TOP 9 COMING WEEK MARKET MOVERS, 2013’S BIGGEST QUESTION AND RISK

For financial markets, this week really doesn’t get going until Wednesday, when both the calendar and trading volume start to return to full strength, so we’ll try to keep this weekly preview brief.

We covered the first three listed below in our recent review of last week’s lessons for this week. See here for details on these.

1. US DEBT CRISIS ISSUES: FISCAL CLIFF AND DEBT CEILING EXTENSION

For Western markets fiscal cliff and debt ceiling headlines should continue to be prime market movers, with risk asset markets rising on headlines that suggest deficit cutting austerity moves will be avoided, and falling on the opposite news.

In the end, markets expect that there will be deals on both the fiscal cliff and debt ceiling that don’t do much damage because they:

  • Defer most deficit cutting and so doesn’t remove much cash from the US economy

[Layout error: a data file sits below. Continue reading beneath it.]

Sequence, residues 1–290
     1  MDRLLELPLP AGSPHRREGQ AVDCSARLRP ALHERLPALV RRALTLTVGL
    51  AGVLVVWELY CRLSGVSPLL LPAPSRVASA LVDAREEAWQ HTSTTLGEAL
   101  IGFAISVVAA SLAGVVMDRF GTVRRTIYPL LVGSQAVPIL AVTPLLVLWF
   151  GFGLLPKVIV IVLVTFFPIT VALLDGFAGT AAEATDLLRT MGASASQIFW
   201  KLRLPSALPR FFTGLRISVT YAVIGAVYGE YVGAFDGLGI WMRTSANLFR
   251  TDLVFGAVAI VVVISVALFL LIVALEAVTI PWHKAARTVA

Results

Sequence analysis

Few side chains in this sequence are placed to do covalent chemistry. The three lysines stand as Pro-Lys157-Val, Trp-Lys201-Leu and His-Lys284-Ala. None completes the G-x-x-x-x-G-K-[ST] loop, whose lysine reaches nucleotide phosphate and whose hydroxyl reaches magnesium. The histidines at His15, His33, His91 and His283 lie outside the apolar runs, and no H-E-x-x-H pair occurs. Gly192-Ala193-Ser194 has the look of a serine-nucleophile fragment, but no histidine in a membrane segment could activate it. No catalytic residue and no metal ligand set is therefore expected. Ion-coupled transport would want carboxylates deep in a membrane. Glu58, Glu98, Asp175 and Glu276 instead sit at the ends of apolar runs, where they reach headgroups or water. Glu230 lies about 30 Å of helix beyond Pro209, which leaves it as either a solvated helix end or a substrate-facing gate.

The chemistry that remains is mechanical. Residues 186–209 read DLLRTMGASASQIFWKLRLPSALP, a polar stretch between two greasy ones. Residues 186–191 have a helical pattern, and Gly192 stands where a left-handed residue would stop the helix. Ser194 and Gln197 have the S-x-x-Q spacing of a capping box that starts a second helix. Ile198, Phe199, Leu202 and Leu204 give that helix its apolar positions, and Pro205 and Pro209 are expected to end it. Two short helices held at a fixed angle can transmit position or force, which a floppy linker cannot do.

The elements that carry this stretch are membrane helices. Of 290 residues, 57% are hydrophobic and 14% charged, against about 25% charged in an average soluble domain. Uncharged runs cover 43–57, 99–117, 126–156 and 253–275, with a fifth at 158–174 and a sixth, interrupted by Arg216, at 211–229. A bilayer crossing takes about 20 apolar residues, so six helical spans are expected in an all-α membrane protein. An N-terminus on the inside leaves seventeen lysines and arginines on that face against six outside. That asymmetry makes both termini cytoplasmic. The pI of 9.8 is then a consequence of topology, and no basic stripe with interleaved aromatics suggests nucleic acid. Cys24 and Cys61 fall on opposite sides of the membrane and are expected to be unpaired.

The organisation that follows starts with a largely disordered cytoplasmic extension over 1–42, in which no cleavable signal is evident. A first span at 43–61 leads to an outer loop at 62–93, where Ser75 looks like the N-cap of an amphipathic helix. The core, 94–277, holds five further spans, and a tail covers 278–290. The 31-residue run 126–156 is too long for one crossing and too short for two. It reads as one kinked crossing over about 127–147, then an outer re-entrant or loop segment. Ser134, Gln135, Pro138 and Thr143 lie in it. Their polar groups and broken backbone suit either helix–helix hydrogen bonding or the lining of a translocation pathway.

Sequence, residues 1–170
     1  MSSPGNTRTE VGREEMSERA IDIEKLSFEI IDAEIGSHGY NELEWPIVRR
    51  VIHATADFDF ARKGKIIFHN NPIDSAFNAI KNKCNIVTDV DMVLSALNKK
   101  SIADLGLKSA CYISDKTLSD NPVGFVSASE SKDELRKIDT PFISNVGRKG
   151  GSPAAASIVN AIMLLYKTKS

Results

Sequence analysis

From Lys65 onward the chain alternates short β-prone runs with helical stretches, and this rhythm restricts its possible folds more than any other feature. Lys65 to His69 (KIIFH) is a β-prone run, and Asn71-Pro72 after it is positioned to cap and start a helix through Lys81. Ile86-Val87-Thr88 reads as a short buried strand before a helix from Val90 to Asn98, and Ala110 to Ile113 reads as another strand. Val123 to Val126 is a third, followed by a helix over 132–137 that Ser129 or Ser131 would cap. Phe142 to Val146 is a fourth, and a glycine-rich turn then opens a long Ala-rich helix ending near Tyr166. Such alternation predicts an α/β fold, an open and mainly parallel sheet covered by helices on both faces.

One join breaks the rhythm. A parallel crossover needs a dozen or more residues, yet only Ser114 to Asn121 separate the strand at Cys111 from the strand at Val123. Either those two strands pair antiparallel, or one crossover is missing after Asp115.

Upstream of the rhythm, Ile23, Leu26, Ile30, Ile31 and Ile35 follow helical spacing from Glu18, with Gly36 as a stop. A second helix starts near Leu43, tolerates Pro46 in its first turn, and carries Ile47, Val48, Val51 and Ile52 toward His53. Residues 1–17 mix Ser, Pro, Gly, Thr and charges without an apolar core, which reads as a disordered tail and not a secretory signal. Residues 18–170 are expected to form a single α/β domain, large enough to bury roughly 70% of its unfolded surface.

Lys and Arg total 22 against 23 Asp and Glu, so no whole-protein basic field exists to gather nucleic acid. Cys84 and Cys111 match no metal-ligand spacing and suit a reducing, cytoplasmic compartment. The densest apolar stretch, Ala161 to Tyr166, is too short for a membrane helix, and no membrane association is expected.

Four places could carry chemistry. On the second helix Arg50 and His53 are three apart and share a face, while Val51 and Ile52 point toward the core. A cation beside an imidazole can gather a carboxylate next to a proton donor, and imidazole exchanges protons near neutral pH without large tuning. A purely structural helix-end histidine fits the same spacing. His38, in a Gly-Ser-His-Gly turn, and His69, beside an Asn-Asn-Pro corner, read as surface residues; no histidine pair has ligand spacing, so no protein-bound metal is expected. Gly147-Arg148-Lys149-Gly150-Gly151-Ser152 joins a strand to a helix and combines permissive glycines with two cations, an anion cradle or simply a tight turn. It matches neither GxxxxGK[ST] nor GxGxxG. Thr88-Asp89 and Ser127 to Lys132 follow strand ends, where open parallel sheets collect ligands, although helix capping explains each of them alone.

• Get done soon enough to avoid much damage from automatic deficit reduction measures or from another credit downgrade.

Given Washington’s performance on the last debt ceiling deal and current fiscal cliff, market calm and confidence appears misplaced.

The big question here is whether last Friday’s selloff was a temporary profit taking move or indicative of the start of a bigger loss of confidence and market pullback.

2. ONGOING JAPAN EASING, YEN DEVALUATION

For Japan and risk asset markets more closely tied to it, anticipated further BoJ easing and Yen devaluation are remain the likely big market mover. Both the move up in Japanese stocks and downtrend in the JPY are likely overdone in the near term.

3. US HOLIDAY RETAIL SALES

Late last week markets were pressured by a Mastercard report that confirmed anticipated weak growth in holiday spending. We probably won’t have a final picture this week, but any further headlines could be market moving given its importance for US GDP and for exporters that depend on the US consumer.

4. EU CRISIS: DUE BACK IN FOCUS

The only question is when, and what causes the renewed anxiety. We suggest one or more of the following are the cause.

  • US fiscal cliff and debt ceiling resolution means markets no longer preoccupied with these